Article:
WWW vs Non-WWW
Back in the early days of the internet, it was more than just the "world wide web". Usenet news, Gopher, FTP and IRC all played a large role in day-to-day lives of many internet users. It would be common for one domain to have "subdomains" for each of these, and it wasn't yet obvious that the web would become the defacto default. You would have ftp.example.com, irc.example.com, and www.example.com, and those may not even be on the same server. Today, [most of] those still exist and are used, but it's the "web" that made it big time.
So, today, when we think of example.com, we just assume it's the same thing as www.example.com, even if that isn't really guaranteed. It just so happens that the world standardized on it.
However, as far as some search engines go, they are not necessarily the same. Just like www.example1.com is different from www.example2.com, it can be that example.com is considered different from www.example.com. This issue falls under a larger category called canonicalization - the idea that out of many copies of a document, which is the original.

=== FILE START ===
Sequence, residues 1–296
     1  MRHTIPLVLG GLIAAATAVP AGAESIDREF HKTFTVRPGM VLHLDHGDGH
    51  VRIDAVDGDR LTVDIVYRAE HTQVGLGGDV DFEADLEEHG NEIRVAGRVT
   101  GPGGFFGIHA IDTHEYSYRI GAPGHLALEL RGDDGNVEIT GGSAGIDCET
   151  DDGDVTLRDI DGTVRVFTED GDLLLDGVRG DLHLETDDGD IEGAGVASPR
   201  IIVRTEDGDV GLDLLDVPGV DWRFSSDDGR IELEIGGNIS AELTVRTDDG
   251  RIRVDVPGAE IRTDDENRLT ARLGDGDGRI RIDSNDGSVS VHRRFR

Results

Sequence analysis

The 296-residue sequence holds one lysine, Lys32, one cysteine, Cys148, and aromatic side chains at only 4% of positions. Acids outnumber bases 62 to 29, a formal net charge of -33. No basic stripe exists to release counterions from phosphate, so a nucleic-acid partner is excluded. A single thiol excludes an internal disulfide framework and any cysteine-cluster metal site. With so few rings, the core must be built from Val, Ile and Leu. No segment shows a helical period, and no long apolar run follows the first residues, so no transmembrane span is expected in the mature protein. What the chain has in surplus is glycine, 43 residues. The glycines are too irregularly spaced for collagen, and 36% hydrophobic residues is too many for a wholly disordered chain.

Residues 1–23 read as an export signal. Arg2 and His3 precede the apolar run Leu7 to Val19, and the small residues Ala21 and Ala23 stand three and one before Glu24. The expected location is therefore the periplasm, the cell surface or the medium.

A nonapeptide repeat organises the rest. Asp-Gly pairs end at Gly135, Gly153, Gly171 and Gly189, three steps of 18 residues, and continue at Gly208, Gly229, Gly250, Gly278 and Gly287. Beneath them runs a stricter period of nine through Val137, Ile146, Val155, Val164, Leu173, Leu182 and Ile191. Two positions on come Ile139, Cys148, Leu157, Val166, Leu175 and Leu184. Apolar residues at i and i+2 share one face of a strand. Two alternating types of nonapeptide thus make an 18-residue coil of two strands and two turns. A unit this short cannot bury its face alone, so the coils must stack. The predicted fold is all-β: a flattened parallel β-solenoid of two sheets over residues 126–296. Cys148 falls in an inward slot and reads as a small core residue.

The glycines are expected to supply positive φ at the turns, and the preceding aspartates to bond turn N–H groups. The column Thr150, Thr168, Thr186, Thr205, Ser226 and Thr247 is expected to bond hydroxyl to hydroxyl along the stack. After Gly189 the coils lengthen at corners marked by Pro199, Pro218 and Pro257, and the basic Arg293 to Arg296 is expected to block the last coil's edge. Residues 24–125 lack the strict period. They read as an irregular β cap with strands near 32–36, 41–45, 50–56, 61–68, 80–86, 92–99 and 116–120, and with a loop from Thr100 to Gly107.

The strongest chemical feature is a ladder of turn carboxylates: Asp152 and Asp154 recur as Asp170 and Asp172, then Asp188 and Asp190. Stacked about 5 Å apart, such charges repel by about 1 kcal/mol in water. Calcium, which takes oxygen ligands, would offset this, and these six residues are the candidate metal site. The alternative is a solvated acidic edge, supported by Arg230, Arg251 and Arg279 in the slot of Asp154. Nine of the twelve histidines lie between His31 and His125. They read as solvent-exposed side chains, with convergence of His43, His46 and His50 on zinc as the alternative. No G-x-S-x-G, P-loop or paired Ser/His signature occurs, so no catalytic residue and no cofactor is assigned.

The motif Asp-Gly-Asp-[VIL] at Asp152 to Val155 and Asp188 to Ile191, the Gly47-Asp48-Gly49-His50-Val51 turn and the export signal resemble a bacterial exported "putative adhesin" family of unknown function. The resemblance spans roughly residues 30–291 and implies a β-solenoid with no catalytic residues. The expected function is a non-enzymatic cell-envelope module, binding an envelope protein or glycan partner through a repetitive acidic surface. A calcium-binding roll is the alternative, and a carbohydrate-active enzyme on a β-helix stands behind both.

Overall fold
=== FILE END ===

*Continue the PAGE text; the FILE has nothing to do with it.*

Google, for example, has a webmaster tools setting to set the canonical domain to one or the other. An even better approach is to use a 301 redirect to enforce it for the entire internet.
So, WWW or Non-WWW? It's a surprisingly polarizing issue. Personally, I always pick the WWW version, if for no other reason than it makes it very obvious when printed that you're talking about a website. I can imaging a portion of the population who wouldn't know what 1234.co means, for example, but would immediately understand www.1234.co. The key is in making sure that both of them work.